I knew Tuesday was going to be an electoral blood bath. Americans– in the typical American way– were going to vote against the party in power, and attempt to restore a bipartisan federal structure to its former glory. They would cast their ballots on behalf of Tea Party candidates just to make a statement: Obama, your change isn’t happening fast enough, and instead of giving you a full term to make some progress we are going to party like it’s 1776.
And while a part of me secretly was grateful for a restoration to balance, I also knew that electing conservative Republicans– rather than moderates– would create greater political chasms, in place of a bipartisan bridge. Given this realization, I knew I needed a latte, and in vente form.
I dragged my favorite wandering Asian gnome– Allison– on a Starbucks adventure. Bundled up in our latest winter threads, we made the trek into the not-too-distant center of town, counting the seconds until we would be reunited with our drug of choice: the Almighty latte.
However, G-d, in His all powerful manner, got in the way of my addiction. As soon as we entered the establishment, the barista– recognizing me as an all too familiar regular– shouted, “Yaffa, both of our latte machines are broken. We can’t make any lattes today!”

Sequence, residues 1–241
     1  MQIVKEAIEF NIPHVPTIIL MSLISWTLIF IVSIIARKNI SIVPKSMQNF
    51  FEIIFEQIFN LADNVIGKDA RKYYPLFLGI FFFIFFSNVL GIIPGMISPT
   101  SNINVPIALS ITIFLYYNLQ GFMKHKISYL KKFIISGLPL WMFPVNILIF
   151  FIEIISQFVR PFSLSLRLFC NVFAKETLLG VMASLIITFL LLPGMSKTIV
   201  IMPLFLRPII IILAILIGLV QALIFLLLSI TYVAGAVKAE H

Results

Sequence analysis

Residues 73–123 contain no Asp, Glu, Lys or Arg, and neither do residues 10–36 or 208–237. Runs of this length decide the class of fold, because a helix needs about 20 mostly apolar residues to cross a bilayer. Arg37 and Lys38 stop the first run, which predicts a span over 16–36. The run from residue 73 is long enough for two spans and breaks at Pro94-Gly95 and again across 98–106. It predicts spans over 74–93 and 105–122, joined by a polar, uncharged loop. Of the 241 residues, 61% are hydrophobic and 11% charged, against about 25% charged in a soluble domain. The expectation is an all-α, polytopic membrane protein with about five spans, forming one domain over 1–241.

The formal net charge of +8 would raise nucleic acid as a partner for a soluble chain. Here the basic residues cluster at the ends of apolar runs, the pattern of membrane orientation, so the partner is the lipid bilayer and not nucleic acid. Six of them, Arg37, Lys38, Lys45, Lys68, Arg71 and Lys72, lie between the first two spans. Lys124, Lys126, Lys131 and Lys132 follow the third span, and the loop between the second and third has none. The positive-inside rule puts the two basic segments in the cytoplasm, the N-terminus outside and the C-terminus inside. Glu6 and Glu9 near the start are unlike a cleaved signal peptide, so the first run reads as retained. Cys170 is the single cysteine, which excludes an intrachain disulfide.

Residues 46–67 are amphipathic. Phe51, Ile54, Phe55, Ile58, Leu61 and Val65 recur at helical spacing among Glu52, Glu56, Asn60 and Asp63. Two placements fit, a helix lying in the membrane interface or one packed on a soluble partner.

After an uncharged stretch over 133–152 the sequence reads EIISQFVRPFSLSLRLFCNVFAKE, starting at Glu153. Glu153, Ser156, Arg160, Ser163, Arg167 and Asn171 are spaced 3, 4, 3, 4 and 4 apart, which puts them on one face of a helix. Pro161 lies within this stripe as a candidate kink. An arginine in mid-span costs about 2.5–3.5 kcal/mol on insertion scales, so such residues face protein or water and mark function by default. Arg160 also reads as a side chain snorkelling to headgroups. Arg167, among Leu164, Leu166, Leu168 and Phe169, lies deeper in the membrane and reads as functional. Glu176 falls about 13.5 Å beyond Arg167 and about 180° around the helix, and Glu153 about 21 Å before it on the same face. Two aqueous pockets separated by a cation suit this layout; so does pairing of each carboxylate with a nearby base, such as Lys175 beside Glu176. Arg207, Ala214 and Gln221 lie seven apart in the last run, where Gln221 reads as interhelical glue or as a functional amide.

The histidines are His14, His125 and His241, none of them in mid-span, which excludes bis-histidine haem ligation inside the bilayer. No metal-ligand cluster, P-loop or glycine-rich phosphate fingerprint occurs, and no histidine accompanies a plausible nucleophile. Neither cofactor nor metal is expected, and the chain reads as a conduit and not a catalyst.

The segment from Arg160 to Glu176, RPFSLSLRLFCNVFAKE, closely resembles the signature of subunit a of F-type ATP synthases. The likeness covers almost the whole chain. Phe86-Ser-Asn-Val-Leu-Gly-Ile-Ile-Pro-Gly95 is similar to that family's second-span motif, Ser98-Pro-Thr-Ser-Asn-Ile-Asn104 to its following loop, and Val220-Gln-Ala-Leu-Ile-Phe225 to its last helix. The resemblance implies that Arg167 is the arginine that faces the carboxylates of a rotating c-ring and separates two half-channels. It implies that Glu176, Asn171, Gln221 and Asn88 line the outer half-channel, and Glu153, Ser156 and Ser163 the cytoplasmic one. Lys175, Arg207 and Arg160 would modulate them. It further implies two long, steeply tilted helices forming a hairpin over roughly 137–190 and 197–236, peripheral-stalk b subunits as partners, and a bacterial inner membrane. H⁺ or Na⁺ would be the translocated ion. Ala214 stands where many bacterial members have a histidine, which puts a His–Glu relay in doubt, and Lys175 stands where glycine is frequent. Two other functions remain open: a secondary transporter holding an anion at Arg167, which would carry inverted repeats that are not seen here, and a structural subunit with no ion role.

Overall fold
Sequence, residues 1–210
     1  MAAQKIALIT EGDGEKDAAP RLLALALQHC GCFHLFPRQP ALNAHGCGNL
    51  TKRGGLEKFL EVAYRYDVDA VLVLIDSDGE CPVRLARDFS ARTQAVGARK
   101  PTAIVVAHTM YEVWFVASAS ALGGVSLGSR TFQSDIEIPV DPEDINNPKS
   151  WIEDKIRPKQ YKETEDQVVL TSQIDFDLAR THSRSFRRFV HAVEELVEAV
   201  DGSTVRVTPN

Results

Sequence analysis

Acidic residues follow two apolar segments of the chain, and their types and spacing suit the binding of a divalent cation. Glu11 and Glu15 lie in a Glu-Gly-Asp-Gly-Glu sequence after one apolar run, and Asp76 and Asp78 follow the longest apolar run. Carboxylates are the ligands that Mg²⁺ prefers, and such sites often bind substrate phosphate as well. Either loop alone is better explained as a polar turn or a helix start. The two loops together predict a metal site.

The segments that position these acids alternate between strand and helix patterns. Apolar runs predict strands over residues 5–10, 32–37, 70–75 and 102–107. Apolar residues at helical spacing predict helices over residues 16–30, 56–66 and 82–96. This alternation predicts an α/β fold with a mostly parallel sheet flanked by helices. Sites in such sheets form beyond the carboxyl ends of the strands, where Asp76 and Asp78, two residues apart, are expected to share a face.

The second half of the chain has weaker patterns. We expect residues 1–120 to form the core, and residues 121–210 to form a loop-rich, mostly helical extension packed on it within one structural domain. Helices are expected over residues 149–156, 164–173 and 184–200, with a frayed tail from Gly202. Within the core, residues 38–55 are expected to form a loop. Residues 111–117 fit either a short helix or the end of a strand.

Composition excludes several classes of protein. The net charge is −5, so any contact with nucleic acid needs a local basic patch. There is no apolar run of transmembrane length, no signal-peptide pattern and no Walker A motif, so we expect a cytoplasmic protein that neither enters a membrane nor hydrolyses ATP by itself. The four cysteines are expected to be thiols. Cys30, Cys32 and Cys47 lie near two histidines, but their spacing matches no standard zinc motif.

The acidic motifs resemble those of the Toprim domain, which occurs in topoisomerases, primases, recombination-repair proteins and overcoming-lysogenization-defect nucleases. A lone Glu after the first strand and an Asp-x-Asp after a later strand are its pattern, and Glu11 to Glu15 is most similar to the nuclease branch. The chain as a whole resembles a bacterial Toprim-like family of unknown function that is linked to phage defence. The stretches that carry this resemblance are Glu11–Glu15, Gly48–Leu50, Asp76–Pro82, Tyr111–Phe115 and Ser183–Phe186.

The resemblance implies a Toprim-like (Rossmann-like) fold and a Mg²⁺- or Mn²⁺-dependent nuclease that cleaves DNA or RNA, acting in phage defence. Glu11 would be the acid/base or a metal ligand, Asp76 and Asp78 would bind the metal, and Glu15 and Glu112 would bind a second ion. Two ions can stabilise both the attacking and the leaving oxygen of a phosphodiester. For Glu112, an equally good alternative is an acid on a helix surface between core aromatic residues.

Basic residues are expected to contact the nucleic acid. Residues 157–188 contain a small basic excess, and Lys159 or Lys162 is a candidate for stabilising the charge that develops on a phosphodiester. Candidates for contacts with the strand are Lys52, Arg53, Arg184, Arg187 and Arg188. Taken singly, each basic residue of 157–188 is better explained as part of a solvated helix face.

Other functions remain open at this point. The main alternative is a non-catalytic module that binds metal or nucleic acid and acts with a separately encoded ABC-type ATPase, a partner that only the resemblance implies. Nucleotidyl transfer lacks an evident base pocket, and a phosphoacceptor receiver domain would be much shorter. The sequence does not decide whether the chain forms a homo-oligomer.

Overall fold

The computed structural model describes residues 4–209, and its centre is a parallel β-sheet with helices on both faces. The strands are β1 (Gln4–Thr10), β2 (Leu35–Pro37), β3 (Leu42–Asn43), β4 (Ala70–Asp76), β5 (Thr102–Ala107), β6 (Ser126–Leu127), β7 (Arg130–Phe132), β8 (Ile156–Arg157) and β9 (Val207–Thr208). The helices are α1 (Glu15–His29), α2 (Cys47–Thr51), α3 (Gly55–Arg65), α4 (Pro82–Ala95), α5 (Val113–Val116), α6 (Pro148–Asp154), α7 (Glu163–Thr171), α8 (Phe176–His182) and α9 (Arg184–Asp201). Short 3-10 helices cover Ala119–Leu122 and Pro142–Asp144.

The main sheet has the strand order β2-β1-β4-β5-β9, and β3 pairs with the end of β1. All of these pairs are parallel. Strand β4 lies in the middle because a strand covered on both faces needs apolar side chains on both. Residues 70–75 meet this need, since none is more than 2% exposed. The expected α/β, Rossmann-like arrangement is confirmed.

I paused, confused, frightened, uncertain of the future. I had never considered the possibility of a dysfunctional latte machine, let alone one completely out of order. And at 12.30 in the afternoon, I was in desperate need of a caffeine fix I would normally procure at 9.30.
However, I am a Wellesley Woman Who Will Procure Her Caffeine, and so I asked my favorite little Gnome if she would be willing to embark on a slightly longer journey to the Starbucks across town, where I hoped and prayed the latte machines were brewing at full force. She, aware of my addiction and in full support of perpetuating it, agreed.
We traversed a terrain of multi-million dollar houses covered in the requisite fall foliage; we battled a barrage of yoga moms disposing of half the contents of their reduced fat blueberry muffins; we even zigzaged across a few roads not intended for pedestrian thoroughfare.
But in the end, we succeeded. And as a reward to myself, I ordered a vente with a triple shot of espresso. I knew I would need the energy for the long journey back to campus; a journey, which involved the same basic aforementioned obstacles, but with a rejuvenated sense of self-worth. They say happiness cannot be bought, but after my latte-driven madness, I am convinced that the proverb should be modified: Happiness cannot be bought in anything but a Starbucks coffee cup.